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How to Work With Neighbors to Graze Their Cover Crops and Crop Residue

One of the ways that graziers can extend their season is by working with neighboring crop farmers to graze their cover crops and crop residue. So in this month’s Grazier’s Focus, we’re giving you some tools to help with the challenge of actually speaking to your neighbors and working out an agreement that’s beneficial to everyone. There’s a summary at the end to recap what we’ve learned.

The Beef Cattle Research Council (BCRC) is Canada’s national industry-led funding agency for beef research. The BCRC is funded through a portion of a producer-paid national levy as well as government and industry funding, and is directed by a committee of beef producers from across the country. Click to visit their website.

Let’s start with these examples provided by the Beef Cattle Research Council of Canada.

From Saskatchewan to Manitoba and Ontario these graziers have had success with grazing cattle on neighboring crop land.

Leanne Thompson and Tannis Axten are neighbors in southeastern Saskatchewan. The Thompsons own and operate a cow-calf and backgrounding operation with 500-800 head of mother cows as well as backgrounding cattle. The Axten family owns and operates a 6,000 acre grain farm that is highly diverse, focusing heavily on soil health and intercropping. Both operations have experienced mutual benefits by arranging to have the Thompsons’ cattle graze stubble and cover crops on the Axtens’ landbase.

Joey Bootsman and family (Submitted Photo)

Joey Bootsman is a cow-calf producer near Brandon, Manitoba where, along with his family, he calves 600-700 cows, as well as manages backgrounding and grass cattle, and raises bred heifers for sale. The Bootsmans grow most of their own feed but will send cattle to community co-op pastures or other rented pastures in the summer. Bootsman works with his neighbors to graze his cows on their stubble fields when they come home from summer pasture to carry cattle through the fall.

Adam Shea and his family have a beef, sheep, and cash crop operation in east central Ontario. They are located in a very diverse agricultural area that includes ideal cash crop acreage next to hilly areas that are suitable only for grazing cattle. Shea really liked the idea of grazing cover crops but his uncle and father who run the cash crop side of their operation were not so sure. Shea was able to work out a deal with his neighbor to graze cover crops after winter wheat was harvested.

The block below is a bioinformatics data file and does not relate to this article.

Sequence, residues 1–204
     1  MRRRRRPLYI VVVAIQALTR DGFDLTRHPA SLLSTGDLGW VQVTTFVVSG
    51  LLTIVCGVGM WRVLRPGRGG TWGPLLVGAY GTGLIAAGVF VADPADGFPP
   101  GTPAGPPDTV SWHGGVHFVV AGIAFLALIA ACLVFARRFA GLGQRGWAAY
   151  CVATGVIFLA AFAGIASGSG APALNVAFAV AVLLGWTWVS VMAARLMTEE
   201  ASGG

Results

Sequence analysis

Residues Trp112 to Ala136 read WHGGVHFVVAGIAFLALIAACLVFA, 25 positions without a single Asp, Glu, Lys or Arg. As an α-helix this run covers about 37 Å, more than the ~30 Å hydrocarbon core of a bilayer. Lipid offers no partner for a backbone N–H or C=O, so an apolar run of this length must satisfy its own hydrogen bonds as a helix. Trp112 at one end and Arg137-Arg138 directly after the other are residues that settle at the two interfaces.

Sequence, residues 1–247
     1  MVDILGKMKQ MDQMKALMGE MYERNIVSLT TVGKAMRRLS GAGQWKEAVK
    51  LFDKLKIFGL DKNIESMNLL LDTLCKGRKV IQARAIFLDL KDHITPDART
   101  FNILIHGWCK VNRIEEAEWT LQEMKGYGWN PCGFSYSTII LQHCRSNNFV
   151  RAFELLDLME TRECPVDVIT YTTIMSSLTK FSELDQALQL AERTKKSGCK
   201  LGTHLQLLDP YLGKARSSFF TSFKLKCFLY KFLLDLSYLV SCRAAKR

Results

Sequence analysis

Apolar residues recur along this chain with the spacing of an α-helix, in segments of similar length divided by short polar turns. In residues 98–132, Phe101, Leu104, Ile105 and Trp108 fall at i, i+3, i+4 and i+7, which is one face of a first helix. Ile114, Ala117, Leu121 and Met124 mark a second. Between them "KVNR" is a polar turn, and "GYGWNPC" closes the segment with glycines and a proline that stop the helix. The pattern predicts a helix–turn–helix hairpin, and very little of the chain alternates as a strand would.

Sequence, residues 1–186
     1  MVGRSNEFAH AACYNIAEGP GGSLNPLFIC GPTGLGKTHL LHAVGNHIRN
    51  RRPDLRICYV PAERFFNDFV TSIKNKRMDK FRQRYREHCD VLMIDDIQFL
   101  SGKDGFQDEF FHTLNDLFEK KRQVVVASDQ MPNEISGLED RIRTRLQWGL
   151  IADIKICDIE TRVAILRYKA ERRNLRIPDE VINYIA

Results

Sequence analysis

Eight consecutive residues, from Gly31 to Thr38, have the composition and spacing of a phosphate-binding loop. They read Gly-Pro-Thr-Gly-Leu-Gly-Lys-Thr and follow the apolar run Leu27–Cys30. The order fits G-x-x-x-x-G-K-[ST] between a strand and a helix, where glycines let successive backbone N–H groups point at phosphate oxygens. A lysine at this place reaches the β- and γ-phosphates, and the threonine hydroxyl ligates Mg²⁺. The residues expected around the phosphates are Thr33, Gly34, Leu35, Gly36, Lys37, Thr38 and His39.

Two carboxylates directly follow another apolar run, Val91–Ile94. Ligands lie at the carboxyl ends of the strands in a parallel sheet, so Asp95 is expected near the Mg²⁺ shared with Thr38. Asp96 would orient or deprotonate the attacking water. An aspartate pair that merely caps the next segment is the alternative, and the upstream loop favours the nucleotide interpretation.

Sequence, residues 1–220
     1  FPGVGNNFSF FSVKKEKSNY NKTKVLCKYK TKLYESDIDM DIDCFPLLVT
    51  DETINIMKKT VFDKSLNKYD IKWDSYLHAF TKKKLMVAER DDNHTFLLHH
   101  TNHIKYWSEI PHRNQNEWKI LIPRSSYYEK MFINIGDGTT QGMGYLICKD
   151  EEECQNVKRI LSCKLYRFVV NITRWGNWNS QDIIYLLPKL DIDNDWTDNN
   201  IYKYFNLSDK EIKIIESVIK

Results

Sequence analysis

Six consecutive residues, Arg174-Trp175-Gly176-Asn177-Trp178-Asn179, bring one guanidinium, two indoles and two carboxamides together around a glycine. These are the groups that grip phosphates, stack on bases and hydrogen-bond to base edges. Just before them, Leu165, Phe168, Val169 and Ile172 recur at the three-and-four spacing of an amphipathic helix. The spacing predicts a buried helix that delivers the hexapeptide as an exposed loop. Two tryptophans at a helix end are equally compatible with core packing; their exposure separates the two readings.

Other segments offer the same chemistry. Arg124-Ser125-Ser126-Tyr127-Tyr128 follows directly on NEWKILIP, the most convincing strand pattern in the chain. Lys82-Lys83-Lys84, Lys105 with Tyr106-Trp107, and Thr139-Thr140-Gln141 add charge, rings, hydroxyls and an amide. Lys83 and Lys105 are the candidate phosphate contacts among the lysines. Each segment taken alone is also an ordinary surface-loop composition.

Although all of these producers have a unique story when it comes to working with their neighbors, some common themes emerged.

Communication is Key

All four producers reiterated that clear communication up front was key. While some sit down together and draw up an official contract, others keep things more informal with verbal communications. All agree that making sure everything is talked about early on makes the partnership much smoother.  It is important to leave no assumptions on the table. Even things as simple as who will be looking after the cows, fence, and water should be discussed to make sure both parties are on the same page.

Infrastructure is a key communication piece, and often where things get a little tricky.  Farmers don’t need or often want permanent water and fencing but having access to those is needed to graze cattle on cropland. Shea and Bootsman combatted this by using temporary electric fence and water troughs and maintaining clear communication about when it would be taken down. It was also important to identify who is responsible for setting it up and taking it down by the agreed upon date.

“It really comes down to trust,” says Axten. “Once you have communicated clearly and the cattle are out on the land you have to trust both parties will make the right decisions.” Axten also recognizes that although it’s easy to want different things than your neighbors, such as more frequent cattle moves, there is also a practical limit to their ability, so it is important to reach a compromise that is manageable for both parties.

Shea Cover Crop

For Shea, since he is relying on cover crops as a source of feed, he says it is necessary to treat them like a forage crop, and in his area that means ensuring nitrogen fertilizer is applied. The discussion of who is seeding cover crops, who is paying for them, when they are being seeded, when nitrogen is applied, and who is paying for nitrogen application is all discussed the previous year.

When it comes to convincing cropping neighbors it is a good idea to graze cattle on their land, doing it right the first year is key. “You can usually find someone willing to try it once,” says Bootsman. “If you communicate well and continue to be a good steward of the land, they are more likely to want to work with you in the future.”

Things to Talk About:

What is the value of the forage?

With proper planning ranchers and farmers can work together to provide a mutually beneficial system. Crop farmers can use cows to terminate fall cover crops, receive some post-harvest income, and positively impact soil health, while beef producers can get additional grazing without buying or renting land.